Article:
Once claimed, you can play these games as long as you’re subscribed. Once you unsubscribe, they will still stick to your account, but you will be unable to play them until you subscribe again.

This would be okay, but there are only like 20-30 games (though it’s always growing), and most of them are indie games, and the low amount of big name games are several years old.

As for the brand new big name games they boasted about being able to play when first announced, there’s a few. Not many, and most of them are UbiSoft games, because they seem to have some type of deal with the popular gaming company, and you can even link your Stadia account to your UPlay account.

How do you play these new games, and the small selection of other games on the store? Well you have to buy them of course! At full price? You bet! Though they do run some pretty good sales by the looks of it, and subscribers get even bigger discounts.

Games you buy are at least playable whether you subscribe or not. But there’s a small catch. If you are not subscribed, you cannot play your games in 4K or use the best sound quality. Drats…No big deal to a lot of people I imagine.

I did try out one game, the latest Hitman (maybe?) and played it for about five-ten minutes. It ran fairly well, only hiccuping a couple times for like a second, which happens plenty of times in games that aren’t being streamed, so at least it works.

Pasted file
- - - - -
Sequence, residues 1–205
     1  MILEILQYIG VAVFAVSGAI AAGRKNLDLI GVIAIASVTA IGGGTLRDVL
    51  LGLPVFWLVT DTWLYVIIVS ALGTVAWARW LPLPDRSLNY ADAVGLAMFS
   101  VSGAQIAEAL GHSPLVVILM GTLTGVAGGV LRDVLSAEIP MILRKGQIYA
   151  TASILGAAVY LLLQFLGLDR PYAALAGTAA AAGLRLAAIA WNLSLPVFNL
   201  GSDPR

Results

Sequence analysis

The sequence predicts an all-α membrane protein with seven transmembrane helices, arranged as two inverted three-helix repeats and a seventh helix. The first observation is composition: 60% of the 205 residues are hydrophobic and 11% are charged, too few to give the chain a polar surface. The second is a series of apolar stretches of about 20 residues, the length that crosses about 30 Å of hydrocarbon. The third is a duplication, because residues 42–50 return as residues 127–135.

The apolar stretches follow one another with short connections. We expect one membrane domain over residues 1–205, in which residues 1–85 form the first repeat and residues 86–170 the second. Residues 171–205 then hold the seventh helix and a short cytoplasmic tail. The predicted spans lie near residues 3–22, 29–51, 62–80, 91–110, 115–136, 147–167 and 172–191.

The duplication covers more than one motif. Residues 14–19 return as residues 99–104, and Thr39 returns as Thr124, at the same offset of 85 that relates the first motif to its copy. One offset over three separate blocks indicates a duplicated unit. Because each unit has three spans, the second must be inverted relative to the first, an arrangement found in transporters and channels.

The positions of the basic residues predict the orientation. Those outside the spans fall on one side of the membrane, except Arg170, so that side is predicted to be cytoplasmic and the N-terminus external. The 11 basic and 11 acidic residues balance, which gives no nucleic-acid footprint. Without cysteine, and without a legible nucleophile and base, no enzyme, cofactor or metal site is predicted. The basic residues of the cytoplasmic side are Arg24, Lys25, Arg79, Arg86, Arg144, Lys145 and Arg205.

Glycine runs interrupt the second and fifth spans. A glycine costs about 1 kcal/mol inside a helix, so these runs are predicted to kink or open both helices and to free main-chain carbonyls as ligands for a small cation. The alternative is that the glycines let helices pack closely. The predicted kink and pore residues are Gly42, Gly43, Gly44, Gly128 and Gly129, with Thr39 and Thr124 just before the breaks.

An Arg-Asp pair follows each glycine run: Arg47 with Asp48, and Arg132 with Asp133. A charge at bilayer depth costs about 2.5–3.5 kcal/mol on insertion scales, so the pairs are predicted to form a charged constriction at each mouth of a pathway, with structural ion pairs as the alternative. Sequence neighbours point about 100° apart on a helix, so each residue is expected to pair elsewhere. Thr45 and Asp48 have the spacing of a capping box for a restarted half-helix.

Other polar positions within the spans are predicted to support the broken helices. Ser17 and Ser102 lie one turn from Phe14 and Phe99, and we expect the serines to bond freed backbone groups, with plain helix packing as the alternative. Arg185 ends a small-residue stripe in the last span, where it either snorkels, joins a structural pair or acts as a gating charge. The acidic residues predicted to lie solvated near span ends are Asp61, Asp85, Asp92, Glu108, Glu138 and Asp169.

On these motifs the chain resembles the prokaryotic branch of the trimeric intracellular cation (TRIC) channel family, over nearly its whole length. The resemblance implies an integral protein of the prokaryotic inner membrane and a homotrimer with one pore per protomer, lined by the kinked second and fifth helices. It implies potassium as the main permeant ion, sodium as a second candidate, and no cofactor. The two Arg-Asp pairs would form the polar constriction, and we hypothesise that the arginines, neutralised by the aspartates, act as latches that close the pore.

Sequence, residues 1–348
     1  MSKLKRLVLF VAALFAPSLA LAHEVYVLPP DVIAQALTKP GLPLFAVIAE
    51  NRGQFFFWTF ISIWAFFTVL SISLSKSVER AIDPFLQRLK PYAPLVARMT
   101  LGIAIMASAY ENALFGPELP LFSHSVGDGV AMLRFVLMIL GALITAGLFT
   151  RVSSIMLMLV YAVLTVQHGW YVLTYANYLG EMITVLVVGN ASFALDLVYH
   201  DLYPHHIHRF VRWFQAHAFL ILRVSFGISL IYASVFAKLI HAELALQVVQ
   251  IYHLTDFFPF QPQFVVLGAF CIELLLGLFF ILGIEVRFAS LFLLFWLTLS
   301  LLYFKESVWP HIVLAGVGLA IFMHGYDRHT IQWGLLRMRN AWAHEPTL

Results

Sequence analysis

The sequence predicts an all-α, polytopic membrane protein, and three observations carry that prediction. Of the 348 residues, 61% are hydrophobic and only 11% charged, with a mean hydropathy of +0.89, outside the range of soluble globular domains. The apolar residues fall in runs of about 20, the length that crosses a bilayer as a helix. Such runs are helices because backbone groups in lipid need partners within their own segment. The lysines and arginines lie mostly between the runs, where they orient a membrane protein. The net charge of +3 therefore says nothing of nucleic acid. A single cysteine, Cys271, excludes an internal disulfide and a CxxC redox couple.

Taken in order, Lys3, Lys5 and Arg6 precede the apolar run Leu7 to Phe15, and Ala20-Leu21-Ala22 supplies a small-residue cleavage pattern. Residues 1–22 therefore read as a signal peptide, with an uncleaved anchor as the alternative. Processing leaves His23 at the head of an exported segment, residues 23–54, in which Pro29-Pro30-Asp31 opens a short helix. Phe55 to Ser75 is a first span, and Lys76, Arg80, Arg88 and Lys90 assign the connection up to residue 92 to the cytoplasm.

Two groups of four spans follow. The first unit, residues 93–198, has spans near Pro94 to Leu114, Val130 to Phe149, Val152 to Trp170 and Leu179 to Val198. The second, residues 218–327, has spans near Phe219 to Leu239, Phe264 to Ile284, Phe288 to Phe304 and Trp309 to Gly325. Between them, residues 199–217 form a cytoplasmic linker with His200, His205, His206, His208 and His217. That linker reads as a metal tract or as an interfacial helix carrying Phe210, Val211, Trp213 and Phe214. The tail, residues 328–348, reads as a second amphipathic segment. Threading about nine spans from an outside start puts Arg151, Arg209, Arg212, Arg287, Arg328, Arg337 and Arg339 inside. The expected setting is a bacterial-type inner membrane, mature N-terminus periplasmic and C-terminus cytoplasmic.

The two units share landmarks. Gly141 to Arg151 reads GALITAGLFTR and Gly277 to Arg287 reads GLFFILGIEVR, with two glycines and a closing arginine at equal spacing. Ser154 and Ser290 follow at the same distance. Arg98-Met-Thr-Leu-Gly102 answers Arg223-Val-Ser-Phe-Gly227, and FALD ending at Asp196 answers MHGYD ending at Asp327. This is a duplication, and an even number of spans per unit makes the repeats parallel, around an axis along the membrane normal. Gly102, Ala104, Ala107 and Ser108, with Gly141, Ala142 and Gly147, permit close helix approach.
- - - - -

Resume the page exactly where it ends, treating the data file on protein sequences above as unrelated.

And that is all the details about Stadia.

So let’s break down Google’s “console.”

If you want the Chromecast and controller to be able to play anywhere but your PC, you have to pay $100. If you want to just play on PC, all you need to do is subscribe on their website/store for $10/month.

Once done, you can play a handful of free games you don’t want as long as you subscribe, and have to pay for games you do want to play, but in worse quality if unsubscribed.

Where is the console part here? This is basically Steam, UPlay, EA Origin, like all the other DRM’s out there, except you have to pay for it, so it’s more like UbiSoft and EA’s versions that you can subscribe to, but you seem to get a whole lot more with them.

Steam has a controller. It’s not called a console. I just don’t get why it’s considered a console. And I don’t get why anyone would ever subscribe to Stadia. There’s literally no reason to. And if you don’t have a great connection, then what’s the point? There’s too much competition, and not only in just the gaming market. There’s just entirely too many streaming services in general, and Stadia just isn’t worth yet another monthly subscription to add to Netflix, Hulu, Disney+, HBO Max, and the other 2000 streaming services out there. So I really don’t get it, and I imagine most people are on the same side as me, as it appears to be flopping pretty hard.

So basically, I wouldn’t be surprised if the store shut down thus all the games you bought are lost. That’s pretty infuriating even just to think about, and will be even more so, like 100fold, when it inevitably happens.